The Property Transfer Process After a Will

The Property Transfer Process After a Will

After someone passes away, the property transfer may seem like a complicated process. However, assuming a will is involved, the situation ends up going much smoother.

The individual the deceased leaves the property to in the will is known as the beneficiary. Before the beneficiary can legally receive the property and become the legal owner, the property must first go through probate court.

What Is Probate Court?

Probate court is a process in which any unpaid debts of the deceased are paid off, accounts are closed, and any remaining assets are distributed according to the wishes outlined in the will. Assuming there are no objections during probate court, the results are typically the same.

Cash assets and real estate will be used to pay off any remaining debt the deceased left behind. After any remaining debts are satisfied, additional cash and real estate will then be transferred to the beneficiary named in the will.

If all debts aren’t satisfied by any remaining cash, the property must be used to close out any open accounts. In the end, the executor of the will ends up making these important decisions.

In simpler terms, the executor is the person in charge of the execution of the will and dividing the assets left to any beneficiaries. If the decision is made that the property must be used to satisfy debts, normally, the executor will be in charge of selling the home and using the proceeds to handle accounts owed.

What Happens if the Property Is Sold?

There are certain cases where the funds secured by the sale of the property will be greater than the debts owed by the deceased. When this happens, the beneficiaries will instead receive the remaining funds left over from the property sale instead of the property itself.

Does the Deed Have to Change Names?

Regardless of the situation, the property cannot remain in the name of the deceased. If the beneficiary ends up with the property, they must file for a new deed and present a copy of the will and death certificate.

In cases where no will exists, the state’s succession law will take effect, and an entirely new set of steps are required to settle the matter.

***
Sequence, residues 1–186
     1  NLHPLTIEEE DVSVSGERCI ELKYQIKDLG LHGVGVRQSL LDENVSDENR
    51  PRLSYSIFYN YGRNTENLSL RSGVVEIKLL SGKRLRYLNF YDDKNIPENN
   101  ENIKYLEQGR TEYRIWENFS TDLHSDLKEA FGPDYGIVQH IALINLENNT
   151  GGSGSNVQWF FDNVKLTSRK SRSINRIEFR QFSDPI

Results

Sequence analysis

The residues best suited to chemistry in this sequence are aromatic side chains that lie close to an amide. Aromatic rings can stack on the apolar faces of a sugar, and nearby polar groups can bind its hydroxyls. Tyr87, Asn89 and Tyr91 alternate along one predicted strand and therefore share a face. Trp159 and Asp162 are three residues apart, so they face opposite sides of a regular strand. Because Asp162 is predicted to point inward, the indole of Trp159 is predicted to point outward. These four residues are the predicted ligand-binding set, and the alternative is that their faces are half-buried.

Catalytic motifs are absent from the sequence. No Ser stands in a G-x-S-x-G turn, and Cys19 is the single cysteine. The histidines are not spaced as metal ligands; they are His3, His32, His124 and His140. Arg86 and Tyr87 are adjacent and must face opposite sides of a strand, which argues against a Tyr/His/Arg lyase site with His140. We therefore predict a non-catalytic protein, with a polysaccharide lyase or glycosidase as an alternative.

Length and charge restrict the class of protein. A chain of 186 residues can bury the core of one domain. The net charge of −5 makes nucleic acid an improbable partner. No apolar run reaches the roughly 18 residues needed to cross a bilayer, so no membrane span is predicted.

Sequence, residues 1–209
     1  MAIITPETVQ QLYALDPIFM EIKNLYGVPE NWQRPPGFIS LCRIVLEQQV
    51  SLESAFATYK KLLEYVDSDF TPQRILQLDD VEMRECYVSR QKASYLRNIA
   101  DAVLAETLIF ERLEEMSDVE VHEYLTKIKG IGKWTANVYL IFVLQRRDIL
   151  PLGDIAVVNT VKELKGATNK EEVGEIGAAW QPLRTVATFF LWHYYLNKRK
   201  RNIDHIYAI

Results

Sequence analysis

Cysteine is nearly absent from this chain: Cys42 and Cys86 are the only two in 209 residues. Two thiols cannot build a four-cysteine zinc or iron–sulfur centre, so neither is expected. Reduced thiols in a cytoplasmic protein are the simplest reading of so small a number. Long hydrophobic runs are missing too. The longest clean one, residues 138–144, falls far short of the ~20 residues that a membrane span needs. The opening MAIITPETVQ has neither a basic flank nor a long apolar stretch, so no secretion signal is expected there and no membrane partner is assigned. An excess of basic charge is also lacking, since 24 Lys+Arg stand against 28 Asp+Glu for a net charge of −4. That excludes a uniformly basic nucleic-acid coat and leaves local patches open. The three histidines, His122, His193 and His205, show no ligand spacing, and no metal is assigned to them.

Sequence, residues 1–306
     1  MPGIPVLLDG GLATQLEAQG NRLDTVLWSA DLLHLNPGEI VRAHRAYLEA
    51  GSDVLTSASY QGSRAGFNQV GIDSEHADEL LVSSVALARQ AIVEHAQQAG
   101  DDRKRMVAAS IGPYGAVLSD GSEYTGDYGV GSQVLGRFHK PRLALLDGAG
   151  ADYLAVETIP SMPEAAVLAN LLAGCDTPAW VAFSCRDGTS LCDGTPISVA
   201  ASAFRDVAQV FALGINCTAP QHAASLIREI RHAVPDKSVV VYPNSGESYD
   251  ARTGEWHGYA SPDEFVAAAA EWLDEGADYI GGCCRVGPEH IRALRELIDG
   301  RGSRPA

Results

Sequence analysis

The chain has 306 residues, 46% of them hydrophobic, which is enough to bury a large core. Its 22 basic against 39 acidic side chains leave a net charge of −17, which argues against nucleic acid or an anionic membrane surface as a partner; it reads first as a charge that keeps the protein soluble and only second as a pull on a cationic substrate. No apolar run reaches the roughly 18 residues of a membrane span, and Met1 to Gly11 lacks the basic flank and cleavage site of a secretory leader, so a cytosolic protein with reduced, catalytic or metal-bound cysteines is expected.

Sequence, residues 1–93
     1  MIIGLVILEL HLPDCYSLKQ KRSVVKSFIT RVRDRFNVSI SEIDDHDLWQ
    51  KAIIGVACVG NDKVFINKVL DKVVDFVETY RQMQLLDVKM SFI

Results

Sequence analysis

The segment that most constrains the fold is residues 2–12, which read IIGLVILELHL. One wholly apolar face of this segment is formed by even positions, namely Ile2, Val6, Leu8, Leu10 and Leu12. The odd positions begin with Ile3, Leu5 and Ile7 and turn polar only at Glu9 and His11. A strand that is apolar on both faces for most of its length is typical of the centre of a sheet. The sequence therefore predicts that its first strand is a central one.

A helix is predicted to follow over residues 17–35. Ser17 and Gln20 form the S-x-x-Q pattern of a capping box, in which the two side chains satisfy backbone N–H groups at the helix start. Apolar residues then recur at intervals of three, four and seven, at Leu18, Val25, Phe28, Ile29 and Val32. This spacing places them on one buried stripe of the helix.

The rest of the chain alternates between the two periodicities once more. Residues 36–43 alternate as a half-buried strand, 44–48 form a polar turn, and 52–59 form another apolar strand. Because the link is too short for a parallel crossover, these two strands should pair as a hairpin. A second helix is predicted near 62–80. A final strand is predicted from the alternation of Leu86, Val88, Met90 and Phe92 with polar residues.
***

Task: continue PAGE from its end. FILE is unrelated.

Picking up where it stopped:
The smoothest transition possible is having a clear beneficiary named in the will. This is why it’s important for anyone that owns property or assets to put a will together, regardless of health, age, or life expectancy. Contact the experienced attorneys at Bell & Shaw Law, LLC today to discuss your situation more fully.

Most Important Reasons to Put Together a Will

Most Important Reasons to Put Together a Will

Why do so many people put off getting a will together? The reasons can vary. Some people feel that thinking about their death is morbid and uncomfortable, and they don’t want to do it. Others may feel that since they are young and in good health, they don’t need to think about their will just yet. However, this is a dangerous mistake to make. Everyone should have a will in place. Below are some of the most important reasons you should make getting a will a priority in your life.

You Have More Control

First, you will have more control when you put together a will. You get to determine who will receive the possessions you have after you pass away. If you don’t have a will, you have virtually no control. The court will be the one that decides what happens with your assets, and they might end up going to people you feel should not get them.

Stay Out of a Long Probate Process

All estates will have to go through the probate process whether they have a will or not. However, when you have a will, there is an advantage because it will speed up the process substantially. It lets the court know how you want the estate to be divided, so you can be sure your final wishes are met.

Ensure Your Minor Children Have the Right Guardian

If you have young children, what will happen to them if you pass away? Typically, if their other parent is alive, they will go to that parent. However, if both parents die, who will take care of the children? If you don’t have a will that specifies what you want to happen, the court will choose from family members or use a state-appointed guardian.

You should be the one who determines who will be the guardian of your children if you have an untimely death. Having a will can help to ensure this.

Now that you understand some of the best reasons to get a will together, it’s time to get started. The first step is to find an attorney in Chicago who excels at estate planning and wills. Talk with the attorneys at Bell & Shah about the options available to you and get started with your plan as soon as possible. It will give you the peace of mind you need.

Call Now